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Homework Help: Elastic pendulum - Lagrangian approach

  1. Sep 26, 2010 #1
    1. The problem statement, all variables and given/known data

    A spring of rest length [tex]L_0[/tex] (no tension) is connected to a support at one end and has a mass [tex]M[/tex] attached at the other. Neglect the mass of the spring, the dimension of the mass [tex]M[/tex], and assume that the motion is confined to a vertical plane. Also, assume that the spring only stretches without bending but it can swing in the plane.

    (a) Using the angular displacement of the mass from the vertical and the length that the spring has stretched from its rest length (hanging with the mass [tex]M[/tex]), solve Lagrange's equations for small stretching and angular displacement.

    (b) Solve Lagrange's equations to the next order in both stretching and angular displacement. This is still amenable to hand calculations. Using some reasonable assumptions about the spring constant, the mass, and the rest length, discuss the motion. Is resonance likely under the assumptions stated?

    2. Relevant equations

    Formula for the Lagrangian; Euler-Lagrange equations.

    3. The attempt at a solution

    The Lagrangian is:

    [tex]\mathcal{L} = T - V = \frac{M}{2}(\dot{r}^2 + r^2\dot{\phi}^2) - (\frac{k}{2} x^2 - Mgr\cos\phi)[/tex]

    where [tex]r = L_0 + x[/tex] (i.e. [tex]r[/tex] is the stretched length of the spring, and [tex]x[/tex] is the deviation from the rest length). [tex]\phi[/tex] is the angular displacement where zero is hanging straight down.

    The Euler-Lagrange equations in [tex]x[/tex] and [tex]\phi[/tex] are:

    [tex]\frac{\partial \mathcal{L}}{\partial x} - \frac{\mathrm{d}}{\mathrm{d}t} \left(\frac{\partial \mathcal{L}}{\partial \dot{x}}\right) = M(L_0 + x)\dot{\phi}^2 - (kx - Mg\cos\phi) - M\ddot{x} = 0[/tex]

    [tex]\frac{\partial \mathcal{L}}{\partial \phi} - \frac{\mathrm{d}}{\mathrm{d}t} \left(\frac{\partial \mathcal{L}}{\partial \dot{\phi}}\right) = - Mg(L_0 + x)\sin\phi - M((L_0 + x)^2\ddot{\phi} + 2(L_0 + x)\dot{x}\dot{\phi}) = 0[/tex]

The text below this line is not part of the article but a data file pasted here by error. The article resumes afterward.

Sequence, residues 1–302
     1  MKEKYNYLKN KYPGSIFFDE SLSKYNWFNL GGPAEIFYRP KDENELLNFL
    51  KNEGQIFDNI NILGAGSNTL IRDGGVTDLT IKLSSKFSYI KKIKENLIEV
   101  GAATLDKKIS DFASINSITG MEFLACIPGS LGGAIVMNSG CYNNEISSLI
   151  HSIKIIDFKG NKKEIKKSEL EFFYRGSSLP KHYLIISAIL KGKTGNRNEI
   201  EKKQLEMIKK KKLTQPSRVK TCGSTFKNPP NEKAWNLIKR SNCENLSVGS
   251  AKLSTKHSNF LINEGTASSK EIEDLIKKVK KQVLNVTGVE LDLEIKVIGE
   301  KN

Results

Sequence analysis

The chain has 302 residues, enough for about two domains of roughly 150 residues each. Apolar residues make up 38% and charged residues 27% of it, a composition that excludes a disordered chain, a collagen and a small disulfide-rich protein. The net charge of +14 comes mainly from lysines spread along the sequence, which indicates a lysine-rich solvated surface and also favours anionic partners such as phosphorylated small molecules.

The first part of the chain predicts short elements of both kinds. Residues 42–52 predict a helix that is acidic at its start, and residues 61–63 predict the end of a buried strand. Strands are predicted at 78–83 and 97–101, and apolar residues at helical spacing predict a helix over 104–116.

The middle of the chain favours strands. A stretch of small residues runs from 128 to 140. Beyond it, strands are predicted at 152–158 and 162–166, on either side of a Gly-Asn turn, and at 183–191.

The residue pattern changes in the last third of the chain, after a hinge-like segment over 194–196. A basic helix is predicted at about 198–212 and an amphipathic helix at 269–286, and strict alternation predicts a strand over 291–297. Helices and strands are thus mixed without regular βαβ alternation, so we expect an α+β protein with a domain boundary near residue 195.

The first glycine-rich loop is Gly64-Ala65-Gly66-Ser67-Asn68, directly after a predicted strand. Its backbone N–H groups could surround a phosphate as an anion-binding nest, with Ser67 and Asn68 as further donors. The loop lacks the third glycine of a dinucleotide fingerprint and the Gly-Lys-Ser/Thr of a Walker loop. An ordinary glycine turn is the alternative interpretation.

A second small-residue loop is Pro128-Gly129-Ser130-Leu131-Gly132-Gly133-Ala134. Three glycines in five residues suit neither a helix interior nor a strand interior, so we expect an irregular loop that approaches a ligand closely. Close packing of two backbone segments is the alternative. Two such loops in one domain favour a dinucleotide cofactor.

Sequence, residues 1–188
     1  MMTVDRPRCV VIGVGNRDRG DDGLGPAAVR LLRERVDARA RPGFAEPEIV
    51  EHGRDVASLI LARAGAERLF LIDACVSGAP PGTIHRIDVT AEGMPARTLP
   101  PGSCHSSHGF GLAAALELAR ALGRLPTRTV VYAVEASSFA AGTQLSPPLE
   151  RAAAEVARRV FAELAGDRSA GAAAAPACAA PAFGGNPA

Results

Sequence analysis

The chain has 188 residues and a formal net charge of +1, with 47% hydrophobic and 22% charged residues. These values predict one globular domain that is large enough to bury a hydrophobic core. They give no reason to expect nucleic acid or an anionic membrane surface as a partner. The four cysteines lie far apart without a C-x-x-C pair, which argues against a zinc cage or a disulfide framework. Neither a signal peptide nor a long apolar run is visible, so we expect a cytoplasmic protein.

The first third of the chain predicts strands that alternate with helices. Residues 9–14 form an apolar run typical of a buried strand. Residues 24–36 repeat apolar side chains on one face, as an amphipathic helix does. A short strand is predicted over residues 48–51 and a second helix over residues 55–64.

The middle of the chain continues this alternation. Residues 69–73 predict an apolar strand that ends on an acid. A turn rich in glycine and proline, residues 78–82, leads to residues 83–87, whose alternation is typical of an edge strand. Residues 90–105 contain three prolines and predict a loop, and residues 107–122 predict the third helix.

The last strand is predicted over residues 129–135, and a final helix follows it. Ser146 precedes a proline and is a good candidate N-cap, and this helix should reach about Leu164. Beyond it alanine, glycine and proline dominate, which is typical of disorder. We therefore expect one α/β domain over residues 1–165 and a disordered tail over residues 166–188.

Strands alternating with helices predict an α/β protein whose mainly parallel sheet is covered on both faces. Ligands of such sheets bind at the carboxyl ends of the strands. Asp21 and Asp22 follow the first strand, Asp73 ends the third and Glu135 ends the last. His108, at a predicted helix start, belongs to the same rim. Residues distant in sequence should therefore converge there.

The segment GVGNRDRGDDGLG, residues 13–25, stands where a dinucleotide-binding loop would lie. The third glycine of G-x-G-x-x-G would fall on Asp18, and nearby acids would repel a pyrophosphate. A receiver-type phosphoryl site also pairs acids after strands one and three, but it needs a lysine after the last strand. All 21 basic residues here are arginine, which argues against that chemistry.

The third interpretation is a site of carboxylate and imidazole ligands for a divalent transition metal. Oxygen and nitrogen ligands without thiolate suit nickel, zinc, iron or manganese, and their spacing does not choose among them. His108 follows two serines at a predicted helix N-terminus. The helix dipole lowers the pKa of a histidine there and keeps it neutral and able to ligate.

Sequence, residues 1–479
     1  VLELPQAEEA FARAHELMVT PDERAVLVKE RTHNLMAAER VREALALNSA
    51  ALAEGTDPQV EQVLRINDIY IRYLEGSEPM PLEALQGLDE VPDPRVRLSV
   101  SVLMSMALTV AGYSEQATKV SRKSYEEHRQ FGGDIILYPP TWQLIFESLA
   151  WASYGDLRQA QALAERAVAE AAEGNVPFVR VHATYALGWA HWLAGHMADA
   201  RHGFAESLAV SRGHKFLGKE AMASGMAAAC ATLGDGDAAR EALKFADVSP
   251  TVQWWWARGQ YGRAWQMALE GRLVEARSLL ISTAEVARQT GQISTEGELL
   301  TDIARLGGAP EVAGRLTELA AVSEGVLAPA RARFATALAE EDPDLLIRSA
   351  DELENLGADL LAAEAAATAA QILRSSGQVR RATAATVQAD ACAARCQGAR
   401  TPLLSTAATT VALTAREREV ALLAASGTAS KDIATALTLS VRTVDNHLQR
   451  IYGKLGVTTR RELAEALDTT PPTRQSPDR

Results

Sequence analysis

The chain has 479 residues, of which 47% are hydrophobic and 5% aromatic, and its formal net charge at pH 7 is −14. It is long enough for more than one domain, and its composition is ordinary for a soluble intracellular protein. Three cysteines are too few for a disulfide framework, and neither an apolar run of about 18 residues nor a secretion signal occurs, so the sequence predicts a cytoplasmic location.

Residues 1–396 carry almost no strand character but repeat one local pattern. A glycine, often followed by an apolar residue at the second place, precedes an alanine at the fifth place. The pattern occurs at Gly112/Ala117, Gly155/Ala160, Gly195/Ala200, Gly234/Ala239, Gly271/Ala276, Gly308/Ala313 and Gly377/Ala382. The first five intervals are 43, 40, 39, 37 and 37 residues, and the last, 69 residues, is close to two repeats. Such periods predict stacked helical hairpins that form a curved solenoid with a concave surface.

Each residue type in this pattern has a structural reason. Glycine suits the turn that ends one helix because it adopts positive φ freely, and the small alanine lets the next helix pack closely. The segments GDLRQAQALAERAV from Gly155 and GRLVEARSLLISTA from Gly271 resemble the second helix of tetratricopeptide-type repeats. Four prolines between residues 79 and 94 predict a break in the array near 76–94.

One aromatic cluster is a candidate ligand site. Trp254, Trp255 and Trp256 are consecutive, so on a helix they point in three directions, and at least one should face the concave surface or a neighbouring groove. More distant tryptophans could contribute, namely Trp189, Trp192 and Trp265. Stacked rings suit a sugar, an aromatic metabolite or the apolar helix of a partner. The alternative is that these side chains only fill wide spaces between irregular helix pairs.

My guess at approximating for small angular displacements is to set [tex]\sin\phi = \phi[/tex] and [tex]\cos\phi = 1[/tex], but I don't know whether this should be before or after differentiating the Lagrangian, and I don't know the right way to approximate for small stretching.
     
    Last edited: Sep 27, 2010
  2. jcsd
  3. Sep 27, 2010 #2
    Small angle approximations must be applied after making derivatives of the lagrange equations. Remember that in this approx:

    [tex]
    \dot{\theta}=0
    [/tex]

    (In notation you have used, [tex]
    \dot{\phi}=0
    [/tex]
     
  4. Sep 27, 2010 #3
    But then must not [tex]\ddot{\phi} = 0[/tex]? If so, the second equation becomes [tex]Mg(L_0 + x)\phi = 0[/tex], which means [tex]\phi = 0[/tex]; a bit excessive for a small angle approximation.

    On the other hand, leaving [tex]\ddot{\phi}[/tex] alone, [tex]x[/tex] drops out completely from the second equation and (using [tex]x \ll L_0[/tex]) I get independent equations for [tex]x[/tex] and [tex]\phi[/tex] (equivalent to F=ma for a hanging spring and a swinging pendulum respectively).

    [tex]\ddot{x} = - g - \frac{k}{M}x[/tex]

    [tex]\ddot{\phi} = - \frac{g}{L_0}\phi[/tex]
     
    Last edited: Sep 27, 2010
  5. Sep 27, 2010 #4

    vela

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    Are you sure your derivative with respect to x is correct? I think you should get a term linear in x when you differentiate the kinetic energy.
     
  6. Sep 27, 2010 #5
    Aha you're right; I missed a power of 2. Silly.

    I'll edit the equations to make sense. Everything looks good now.
     
  7. Sep 28, 2010 #6
    After checking my books and exercises I think the best way is:

    First of all calculate the equilibrium angle ([tex] \ddot{\phi}=\dot{\phi}=0} [/tex] You'll find an angle [tex] \phi_{0}[/tex] (remember that you'll get a constant.

    Then you can find the small angle frecuency by doing an approximation:

    [tex] \phi=\phi_{0}+\epsilon=0} [/tex] where [tex]\epsilon[/tex] is the angle for small vibrations.

    Use this in the equation for the angle in order to find an equation for [tex]\epsilon[/tex].
    You can also check Marion's texbook (chapter 7).
     
    Last edited: Sep 28, 2010
  8. Sep 28, 2010 #7
    I'm not sure I understand. From your equation, [tex]\phi = \epsilon = 0[/tex] (since [tex]\phi_0 = 0[/tex] clearly satisfies [tex] \ddot{\phi}=\dot{\phi}=0} [/tex]).

    Is something wrong with the result I got above?
     
  9. Sep 28, 2010 #8

    vela

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    It's been a long time since I took classical mechanics, so this might be a misguided suggestion. Are you familiar with diagonalizing the Lagrangian? If the technique applies, I seem to recall it made solving this type of problem pretty straightforward.
     
  10. Sep 30, 2010 #9
    Be careful: Your [tex] L_0[/tex] is not the [tex] L_0[/tex] given in the question.
    You have to use the rest length with a mass hanging in a gravitational field which will be slightly larger.
     
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